Attacks on judicial officers like attacks on public figures and on ordinary members of the public are troubling events. These attacks are targeted violence-incidents where an identified target is selected by the perpetrator prior to the attack and therefore cannot be said to be accidental.
On Saturday 17th, July 2021, the Buganda Road Chief Magistrate, Her Worship Gladys Kamasanyu was attacked by unknown assailants around the Greenhill School Academy as she was collecting her child’s Primary Leaving Education result slip. This is not the first time a judicial officer has been attacked by unknown assailants. These among many other treacherous acts show that judicial officers are increasingly under threat of attack by these unknown assailants.
The independence of the Judiciary underpins the rule of law as essential to the functioning of a democratic state. However, these increasing attacks on judicial officers is diminishing the independence of the Judiciary and rule of law through the ever-growing intimidation brought about by these attacks.
The principle of an independent Judiciary stems from the theory of separation of powers whereby the Executive, Legislature and Judiciary form three separate branches of government. This independence means that both the Judiciary and the individual judges deciding particular cases must be able to exercise their professional responsibilities without any influence of whatever kind. It is from that, that only an independent Judiciary can render justice impartially.
The fundamental right to a “fair trial” by an independent and impartial court/tribunal is enshrined under Article 28 of the 1995 Constitution of Uganda which provides that a person shall be entitled to a speedy and public hearing before an independent and impartial court. In addition to that, Article 126 and 128 read together provide that judicial power is to be exercised by the courts which shall be independent and not subject to any control form any person or authority. This therefore means that judicial officers are mandated to dispense justice under the Judiciary arm of government that is independent of any direct or indirect interference of any nature.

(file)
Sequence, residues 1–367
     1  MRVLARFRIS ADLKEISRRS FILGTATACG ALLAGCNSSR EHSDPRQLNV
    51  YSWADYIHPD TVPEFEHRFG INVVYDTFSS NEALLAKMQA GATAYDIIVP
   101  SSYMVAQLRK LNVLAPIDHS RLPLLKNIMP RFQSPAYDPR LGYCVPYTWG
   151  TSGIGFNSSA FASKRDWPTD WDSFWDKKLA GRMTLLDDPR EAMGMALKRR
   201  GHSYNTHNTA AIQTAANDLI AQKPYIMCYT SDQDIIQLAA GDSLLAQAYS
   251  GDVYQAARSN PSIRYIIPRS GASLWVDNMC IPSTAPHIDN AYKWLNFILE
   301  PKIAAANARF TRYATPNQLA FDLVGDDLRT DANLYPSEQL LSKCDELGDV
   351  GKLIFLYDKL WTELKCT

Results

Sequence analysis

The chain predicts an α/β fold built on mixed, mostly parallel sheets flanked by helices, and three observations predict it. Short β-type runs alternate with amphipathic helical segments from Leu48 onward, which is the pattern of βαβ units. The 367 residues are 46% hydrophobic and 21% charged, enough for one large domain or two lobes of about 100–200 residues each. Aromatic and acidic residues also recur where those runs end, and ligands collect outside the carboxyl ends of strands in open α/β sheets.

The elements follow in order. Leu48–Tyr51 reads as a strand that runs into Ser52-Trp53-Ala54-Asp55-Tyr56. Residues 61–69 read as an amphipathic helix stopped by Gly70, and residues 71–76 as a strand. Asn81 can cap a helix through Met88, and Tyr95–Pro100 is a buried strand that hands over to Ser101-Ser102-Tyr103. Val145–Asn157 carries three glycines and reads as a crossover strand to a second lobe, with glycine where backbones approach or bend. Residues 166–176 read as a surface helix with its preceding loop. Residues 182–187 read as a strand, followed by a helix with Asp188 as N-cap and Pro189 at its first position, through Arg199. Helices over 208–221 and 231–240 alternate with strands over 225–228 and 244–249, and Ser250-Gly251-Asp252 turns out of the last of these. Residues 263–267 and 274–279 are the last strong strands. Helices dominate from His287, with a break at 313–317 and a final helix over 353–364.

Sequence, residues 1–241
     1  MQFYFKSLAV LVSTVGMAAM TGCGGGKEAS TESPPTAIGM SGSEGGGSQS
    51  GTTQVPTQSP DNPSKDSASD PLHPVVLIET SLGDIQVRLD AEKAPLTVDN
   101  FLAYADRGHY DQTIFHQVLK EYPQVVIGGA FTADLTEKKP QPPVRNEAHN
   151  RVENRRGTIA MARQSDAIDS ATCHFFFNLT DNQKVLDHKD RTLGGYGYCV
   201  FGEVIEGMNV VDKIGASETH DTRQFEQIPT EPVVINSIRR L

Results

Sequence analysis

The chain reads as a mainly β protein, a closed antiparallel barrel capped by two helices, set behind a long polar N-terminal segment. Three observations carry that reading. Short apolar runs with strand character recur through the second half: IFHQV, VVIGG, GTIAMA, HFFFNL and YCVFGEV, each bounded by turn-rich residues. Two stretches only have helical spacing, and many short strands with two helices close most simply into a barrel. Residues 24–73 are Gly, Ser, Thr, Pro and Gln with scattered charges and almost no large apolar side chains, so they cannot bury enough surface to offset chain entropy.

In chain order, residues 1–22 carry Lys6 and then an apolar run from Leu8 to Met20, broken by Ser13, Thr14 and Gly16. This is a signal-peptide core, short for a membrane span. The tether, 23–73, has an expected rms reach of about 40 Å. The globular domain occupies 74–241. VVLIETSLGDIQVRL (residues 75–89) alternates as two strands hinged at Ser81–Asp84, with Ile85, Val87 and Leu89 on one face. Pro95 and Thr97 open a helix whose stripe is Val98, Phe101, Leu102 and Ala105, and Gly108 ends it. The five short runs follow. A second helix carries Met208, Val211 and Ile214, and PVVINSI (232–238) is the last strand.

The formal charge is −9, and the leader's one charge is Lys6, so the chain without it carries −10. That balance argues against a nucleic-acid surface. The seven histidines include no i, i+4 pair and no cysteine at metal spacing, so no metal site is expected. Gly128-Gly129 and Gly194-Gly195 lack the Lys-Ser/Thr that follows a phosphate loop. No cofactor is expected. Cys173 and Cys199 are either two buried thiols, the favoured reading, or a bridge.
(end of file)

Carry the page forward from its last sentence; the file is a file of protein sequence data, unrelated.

For judicial officers to efficiently dispense this justice, they need to be impartial, looking at evidence that has been presented to them while relying on the law so as to come up with an independent decision. But whenever there is any sort of intimidation, judicial officers will not be able to fully perform and or fulfil their judicial oath. This only curtails one outcome which is loss of confidence in the Judiciary by the public.
The duty to protect the rights of all citizens; is irrespective of whether their judgements or rulings are unpopular. I agree that at times, judges are required to make tough calls and sometimes these calls are unpopular leaving the public angry and upset. But this does not necessitate an attack on the guardians of Justice.
According to a story on judicial security run by the Independent newspaper, the Judiciary has more than 500 police officers providing security to judicial officers. Judges are guarded by officers from the counter terrorism unit and the Very Important person Protection Unit while upcountry courts are guarded by regular police officers, but, not all judicial officers starting from magistrates get this security. In a story by the Independent Newspaper that was run on June 3, 2021, judicial bodyguards were complaining of their delayed payments by the Judiciary. The Judiciary on the other hand were saying that there were many bodyguards and that they had lost count. They further went on to state that some judicial officers especially magistrates and Chief Magistrates secured body guards yet they were not supposed to.
Importance of judicial security cannot be underestimated. Security for judicial officers is something that should be given paramount attention by the Judiciary because of the vital role judicial officers play in our societies. Not only are they guardians of justice, they are also mandated to uphold the law. The part judicial officers play in society goes hand in hand with the level of protection they need. I believe that all judicial officers especially those at the lower bench deserve some sort of protection as this will ensure that the independence of the judiciary is not threatened.
I implore the Judiciary to provide more security to all judicial officers irrespective of their ranks. Issues such as improving court room security, safeguarding judicial officers and their families at home with some sort of restrictions of social media engagements by judicial officers are some of the measures the Judiciary should look into. The judiciary the public needs, is one that is seen to not only be impartial but independent.